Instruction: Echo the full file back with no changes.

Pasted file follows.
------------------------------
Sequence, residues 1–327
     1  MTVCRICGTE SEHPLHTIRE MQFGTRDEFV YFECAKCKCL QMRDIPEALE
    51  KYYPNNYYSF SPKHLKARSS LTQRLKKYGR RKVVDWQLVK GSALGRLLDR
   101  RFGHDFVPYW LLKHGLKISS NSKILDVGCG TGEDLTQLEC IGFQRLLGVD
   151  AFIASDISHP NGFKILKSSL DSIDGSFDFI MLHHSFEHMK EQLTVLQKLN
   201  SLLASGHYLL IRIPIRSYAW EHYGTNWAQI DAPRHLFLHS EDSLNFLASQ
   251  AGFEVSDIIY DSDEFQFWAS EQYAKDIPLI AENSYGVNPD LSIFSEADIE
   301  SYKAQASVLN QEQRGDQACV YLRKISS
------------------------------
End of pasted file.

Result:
Sequence, residues 1–327
     1  MTVCRICGTE SEHPLHTIRE MQFGTRDEFV YFECAKCKCL QMRDIPEALE
    51  KYYPNNYYSF SPKHLKARSS LTQRLKKYGR RKVVDWQLVK GSALGRLLDR
   101  RFGHDFVPYW LLKHGLKISS NSKILDVGCG TGEDLTQLEC IGFQRLLGVD
   151  AFIASDISHP NGFKILKSSL DSIDGSFDFI MLHHSFEHMK EQLTVLQKLN
   201  SLLASGHYLL IRIPIRSYAW EHYGTNWAQI DAPRHLFLHS EDSLNFLASQ
   251  AGFEVSDIIY DSDEFQFWAS EQYAKDIPLI AENSYGVNPD LSIFSEADIE
   301  SYKAQASVLN QEQRGDQACV YLRKISS